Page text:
You may know that we have a bias toward value-based pricing, particularly for SaaS companies, but not without merit. Value-based pricing is highly effective because it's based on what your target customer is willing to pay—it's based on what they think it's worth. Value-based pricing allows you to be able to price higher than your competitors and continue improving your product. And because of the consistent communication you're having with your customers, you're building impactful relationships. And all this can translate into higher retention.
3. Check in with what existing customers think
Customers aren't usually going to be thrilled about a price increase, but many of them will be honest if you ask them about the value your product brings them. Customers also appreciate honesty and directness. Don't use open-ended questions. Ask them direct questions about your biggest concerns, as well as what questions they have. Understanding how your actual customers think or feel is crucial. This is also best accomplished by choosing a select group of your customers, rather than blasting out a survey to all of them.
4. Understand the impact of your new pricing
You can implement legacy pricing with existing customers, so they're not affected by the new pricing. But it's still a good idea to run an analysis to see how existing customer segments would be impacted by higher prices. If you notice that one customer segment is hit especially hard by the price increase, be sure to reach out to them and maybe offer a transition discount to ease them into the pricing change. This can also help ensure that the pricing structure you've settled on is indeed the correct one.
5. Build a communications plan for your price increase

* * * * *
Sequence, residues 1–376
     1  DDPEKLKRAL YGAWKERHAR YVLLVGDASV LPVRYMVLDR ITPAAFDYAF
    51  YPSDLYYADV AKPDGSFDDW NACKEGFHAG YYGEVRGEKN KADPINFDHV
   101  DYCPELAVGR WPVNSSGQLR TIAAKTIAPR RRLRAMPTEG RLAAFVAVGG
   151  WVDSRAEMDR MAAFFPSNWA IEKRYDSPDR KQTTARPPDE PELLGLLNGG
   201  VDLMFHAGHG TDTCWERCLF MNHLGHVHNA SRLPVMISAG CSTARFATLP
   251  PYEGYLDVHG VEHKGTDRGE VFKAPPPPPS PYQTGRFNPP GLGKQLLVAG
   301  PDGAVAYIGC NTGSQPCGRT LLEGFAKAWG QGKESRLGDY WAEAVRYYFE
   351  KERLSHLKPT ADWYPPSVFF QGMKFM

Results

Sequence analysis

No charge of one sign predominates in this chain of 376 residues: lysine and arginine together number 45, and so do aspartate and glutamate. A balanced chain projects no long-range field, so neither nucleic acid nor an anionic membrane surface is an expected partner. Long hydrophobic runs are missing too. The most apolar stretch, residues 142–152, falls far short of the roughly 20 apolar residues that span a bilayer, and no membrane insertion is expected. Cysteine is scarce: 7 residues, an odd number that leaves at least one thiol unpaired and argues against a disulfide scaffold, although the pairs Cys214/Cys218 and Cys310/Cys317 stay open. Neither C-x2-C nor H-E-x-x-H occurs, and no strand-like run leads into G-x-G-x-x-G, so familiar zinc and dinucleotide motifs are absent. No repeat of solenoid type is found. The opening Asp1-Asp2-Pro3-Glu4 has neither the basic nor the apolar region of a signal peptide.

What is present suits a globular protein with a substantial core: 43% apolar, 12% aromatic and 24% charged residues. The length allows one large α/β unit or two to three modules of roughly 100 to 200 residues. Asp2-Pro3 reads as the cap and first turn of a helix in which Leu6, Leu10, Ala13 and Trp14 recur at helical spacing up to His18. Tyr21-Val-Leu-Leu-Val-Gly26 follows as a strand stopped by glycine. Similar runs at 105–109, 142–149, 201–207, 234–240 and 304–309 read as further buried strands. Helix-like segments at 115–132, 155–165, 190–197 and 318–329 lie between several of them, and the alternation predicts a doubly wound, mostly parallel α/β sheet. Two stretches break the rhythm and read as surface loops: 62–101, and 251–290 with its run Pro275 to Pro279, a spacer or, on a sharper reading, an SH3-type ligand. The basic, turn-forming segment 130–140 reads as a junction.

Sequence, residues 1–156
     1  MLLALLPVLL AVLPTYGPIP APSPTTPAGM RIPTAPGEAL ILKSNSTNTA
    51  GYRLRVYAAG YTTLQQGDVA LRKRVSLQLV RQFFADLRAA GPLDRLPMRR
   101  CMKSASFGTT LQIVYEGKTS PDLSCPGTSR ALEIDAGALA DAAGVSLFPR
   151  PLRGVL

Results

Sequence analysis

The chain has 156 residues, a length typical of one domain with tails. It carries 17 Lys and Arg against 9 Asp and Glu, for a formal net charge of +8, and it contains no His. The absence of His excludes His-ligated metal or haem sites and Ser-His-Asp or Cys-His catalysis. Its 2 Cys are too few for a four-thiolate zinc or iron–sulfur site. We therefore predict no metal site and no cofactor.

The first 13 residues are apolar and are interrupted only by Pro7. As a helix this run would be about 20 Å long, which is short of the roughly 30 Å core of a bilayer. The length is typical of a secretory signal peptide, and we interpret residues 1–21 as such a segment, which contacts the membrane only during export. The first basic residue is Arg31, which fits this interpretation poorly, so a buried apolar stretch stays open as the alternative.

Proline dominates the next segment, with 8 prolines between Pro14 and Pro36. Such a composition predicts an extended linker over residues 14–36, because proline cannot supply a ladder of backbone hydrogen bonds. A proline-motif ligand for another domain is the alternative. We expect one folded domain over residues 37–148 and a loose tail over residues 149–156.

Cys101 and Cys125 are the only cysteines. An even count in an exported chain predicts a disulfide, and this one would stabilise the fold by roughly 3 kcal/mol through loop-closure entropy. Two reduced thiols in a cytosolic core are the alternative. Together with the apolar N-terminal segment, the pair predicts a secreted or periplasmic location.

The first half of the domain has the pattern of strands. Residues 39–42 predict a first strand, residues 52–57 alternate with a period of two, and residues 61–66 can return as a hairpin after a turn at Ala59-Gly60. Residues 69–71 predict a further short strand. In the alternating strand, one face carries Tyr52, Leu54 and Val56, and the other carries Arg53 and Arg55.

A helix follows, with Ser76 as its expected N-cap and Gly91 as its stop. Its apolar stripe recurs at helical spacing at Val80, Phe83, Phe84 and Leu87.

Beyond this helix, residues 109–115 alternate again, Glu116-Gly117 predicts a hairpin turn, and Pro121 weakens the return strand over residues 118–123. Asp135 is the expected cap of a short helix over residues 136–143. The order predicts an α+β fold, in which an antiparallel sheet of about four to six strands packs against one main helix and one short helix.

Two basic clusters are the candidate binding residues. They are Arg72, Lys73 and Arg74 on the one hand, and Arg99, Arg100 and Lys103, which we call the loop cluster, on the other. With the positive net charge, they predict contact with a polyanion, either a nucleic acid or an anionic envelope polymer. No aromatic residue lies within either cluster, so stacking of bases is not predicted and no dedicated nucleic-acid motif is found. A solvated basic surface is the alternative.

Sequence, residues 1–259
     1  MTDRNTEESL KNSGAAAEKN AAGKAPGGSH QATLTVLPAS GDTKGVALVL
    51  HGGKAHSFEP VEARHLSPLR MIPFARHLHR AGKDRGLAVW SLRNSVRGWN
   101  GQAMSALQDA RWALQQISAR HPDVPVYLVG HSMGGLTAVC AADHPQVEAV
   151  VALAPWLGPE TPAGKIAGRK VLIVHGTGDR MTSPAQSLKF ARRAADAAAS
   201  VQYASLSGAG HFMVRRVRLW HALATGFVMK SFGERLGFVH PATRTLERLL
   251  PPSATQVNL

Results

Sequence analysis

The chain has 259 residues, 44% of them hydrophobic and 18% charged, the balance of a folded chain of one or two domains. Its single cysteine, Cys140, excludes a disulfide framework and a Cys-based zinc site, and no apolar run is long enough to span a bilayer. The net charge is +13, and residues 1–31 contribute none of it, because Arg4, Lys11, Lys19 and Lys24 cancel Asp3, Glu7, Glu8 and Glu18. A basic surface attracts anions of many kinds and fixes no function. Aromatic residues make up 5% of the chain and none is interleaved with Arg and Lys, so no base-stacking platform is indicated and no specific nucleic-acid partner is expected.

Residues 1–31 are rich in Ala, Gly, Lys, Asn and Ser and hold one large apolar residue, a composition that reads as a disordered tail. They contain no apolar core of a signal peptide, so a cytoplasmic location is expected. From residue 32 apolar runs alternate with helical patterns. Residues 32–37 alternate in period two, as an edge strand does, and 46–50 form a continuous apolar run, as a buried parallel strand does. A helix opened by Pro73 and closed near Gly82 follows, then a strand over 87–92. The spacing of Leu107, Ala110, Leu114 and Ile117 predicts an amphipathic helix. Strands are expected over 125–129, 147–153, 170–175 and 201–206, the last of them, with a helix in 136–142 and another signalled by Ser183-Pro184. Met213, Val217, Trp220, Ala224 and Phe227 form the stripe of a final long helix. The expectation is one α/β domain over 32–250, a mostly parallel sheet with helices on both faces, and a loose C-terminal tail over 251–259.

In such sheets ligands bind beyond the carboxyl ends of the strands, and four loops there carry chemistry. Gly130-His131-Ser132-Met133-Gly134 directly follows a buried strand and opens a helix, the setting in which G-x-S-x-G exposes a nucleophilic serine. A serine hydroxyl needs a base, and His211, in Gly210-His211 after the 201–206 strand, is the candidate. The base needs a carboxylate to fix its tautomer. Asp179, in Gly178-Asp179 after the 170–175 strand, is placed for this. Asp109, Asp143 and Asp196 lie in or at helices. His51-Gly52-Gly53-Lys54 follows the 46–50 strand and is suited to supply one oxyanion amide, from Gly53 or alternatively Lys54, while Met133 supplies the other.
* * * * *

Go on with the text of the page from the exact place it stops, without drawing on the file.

Price changes can be confusing and frustrating for your customers, so it's crucial to have a communication plan in place. Giving your customers as much information as possible right from the beginning when it comes to increasing prices, and giving them resources to find out more on their own is vital. But you must also ensure that support staff and anyone else who deals with customers fully understands the new pricing, so everyone is communicating the price change honestly, effectively, and correctly.
How to increase prices without offending existing customers
One of the biggest reasons companies don't change prices regularly is that they're afraid that raising prices will offend their existing customers. What if you raise prices and all your customers leave? As long as you're using value-based pricing and checking in with existing customers as part of the feedback process, your new prices are likely to still be something your customers are willing to pay. Still, there are steps you can take to soften the impact of any pricing changes.
Know your customer segments